World Coins

Son honors his mother on ancient coins: On the Block

Caligula honored the memory of his mother with a parade of her ashes, a scene recalled on the reverse of this circa 37 to 41 A.D. bronze sestertius struck in Rome.

Coin images courtesy of Numismatica Ars Classica.

One of the most tragically unfortunate women in Roman history was honored by her survivors on a series of coins.

One of those coins is featured in Numismatica Ars Classica’s auction No. 97 in Zurich on Dec. 12.

Agrippina Senior, wife of Germanicus and mother of Gaius (known as Caligula), began life a favored member of the Julio-Claudian family, under the reign of her grandfather Augustus. Upon her marriage to Livia’s grandson Germanicus, she seemed destined to achieve the highest status.

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However, her life took a turn for the worse as the death of Augustus and the accession of Tiberius saw supreme power shift from the bloodlines of the Julii to the Claudii. 

Though her marriage represented an ideal union of Julian and Claudian, it was not destined to survive Tiberius’ reign. 

“Germanicus died late in 19 under suspicious circumstances, after which Agrippina devoted the next decade of her life to openly opposing Tiberius until in 29 he deprived her of freedom, and in 33 of life itself,” according to the auction house. 

She had been imprisoned on the island of Pandataria, along with her son Drusus, who would also die in captivity. Another son, Nero, would commit suicide soon after. 

Three issues of sestertii were struck in her honor, including the first type, which was produced by her son. Her brother Claudius issued a series, which was later modified to feature inscriptions for the emperor Titus for the third type.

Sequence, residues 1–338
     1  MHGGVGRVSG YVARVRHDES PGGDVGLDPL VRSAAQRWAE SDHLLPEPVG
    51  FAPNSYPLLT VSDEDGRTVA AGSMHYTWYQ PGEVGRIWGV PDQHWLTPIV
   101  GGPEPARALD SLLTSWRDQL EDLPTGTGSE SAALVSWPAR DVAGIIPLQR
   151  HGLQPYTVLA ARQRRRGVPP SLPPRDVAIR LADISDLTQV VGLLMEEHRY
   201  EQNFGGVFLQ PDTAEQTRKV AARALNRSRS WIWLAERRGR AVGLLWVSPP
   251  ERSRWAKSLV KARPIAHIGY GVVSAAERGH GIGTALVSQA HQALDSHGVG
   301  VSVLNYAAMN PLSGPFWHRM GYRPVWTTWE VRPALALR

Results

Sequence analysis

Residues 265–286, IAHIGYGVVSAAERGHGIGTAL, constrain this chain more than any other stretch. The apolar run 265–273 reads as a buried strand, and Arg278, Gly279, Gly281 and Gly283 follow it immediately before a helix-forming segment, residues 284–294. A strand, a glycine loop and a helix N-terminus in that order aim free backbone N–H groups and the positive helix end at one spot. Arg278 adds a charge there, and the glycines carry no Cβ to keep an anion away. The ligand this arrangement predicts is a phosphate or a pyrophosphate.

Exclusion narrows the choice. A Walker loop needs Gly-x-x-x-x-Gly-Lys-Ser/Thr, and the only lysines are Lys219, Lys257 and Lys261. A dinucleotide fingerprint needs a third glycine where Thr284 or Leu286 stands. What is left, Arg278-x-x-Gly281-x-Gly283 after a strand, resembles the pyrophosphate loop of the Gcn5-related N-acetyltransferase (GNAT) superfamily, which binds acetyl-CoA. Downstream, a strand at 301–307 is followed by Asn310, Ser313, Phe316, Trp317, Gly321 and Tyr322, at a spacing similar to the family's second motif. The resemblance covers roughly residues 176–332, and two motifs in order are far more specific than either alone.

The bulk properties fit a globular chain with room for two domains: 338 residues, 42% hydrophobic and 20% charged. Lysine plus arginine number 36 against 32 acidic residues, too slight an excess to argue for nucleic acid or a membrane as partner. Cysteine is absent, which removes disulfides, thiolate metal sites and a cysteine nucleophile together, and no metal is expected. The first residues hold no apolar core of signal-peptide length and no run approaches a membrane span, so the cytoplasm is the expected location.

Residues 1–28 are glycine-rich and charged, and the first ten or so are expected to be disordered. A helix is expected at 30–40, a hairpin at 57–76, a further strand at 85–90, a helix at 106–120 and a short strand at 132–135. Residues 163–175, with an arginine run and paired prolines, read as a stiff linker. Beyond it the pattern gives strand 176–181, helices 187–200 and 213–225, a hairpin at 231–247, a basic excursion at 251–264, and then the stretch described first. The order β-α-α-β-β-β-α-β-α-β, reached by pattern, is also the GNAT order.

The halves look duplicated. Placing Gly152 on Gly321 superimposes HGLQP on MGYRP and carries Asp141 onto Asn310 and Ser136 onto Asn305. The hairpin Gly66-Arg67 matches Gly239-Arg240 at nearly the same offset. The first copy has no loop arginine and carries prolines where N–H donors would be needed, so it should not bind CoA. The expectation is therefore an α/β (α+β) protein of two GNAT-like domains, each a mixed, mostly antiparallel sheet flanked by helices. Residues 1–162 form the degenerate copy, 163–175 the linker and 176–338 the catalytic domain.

Coins celebrate her memory

The circa 37 to 41 bronze sestertius in the December auction was issued by Caligula and struck in Rome. A hallmark of his issues is the carpentum, a two-wheeled carriage with an arched covering, drawn by two mules.

The inscription on Caligula’s coin describes her as the daughter of Marcus (Agrippa) and the mother of Gaius (Caligula). According to the auction house, “It is also worth noting that on the issue of Caligula, Agrippina has a slender profile like that of her son.”

The carpentum is a reference to measures taken by Caligula to honor his family at the outset of his reign, all victims of persecution during the reign of Tiberius.

Upon returning to Rome, Caligula, with his own hands, transferred to an urn the ashes of his mother and brother Nero, before interring the ashes at the Tomb of Ancestors. Following the ceremony, Caligula held Circus games in her honor, at which a statue of her was paraded in the type of covered carriage seen on the coin. 

The coin has a brown patina and is “very gently smoothed,” but otherwise is in Good Very Fine condition.

The most recent public auction appearance of the example offered was Oct. 7, 2015, during Classical Numismatic Group’s auction, where the coin realized a hammer price of $5,000.  

In the December auction, the ancient coin has an estimate of 5,000 Swiss francs ($4,995 U.S.). 

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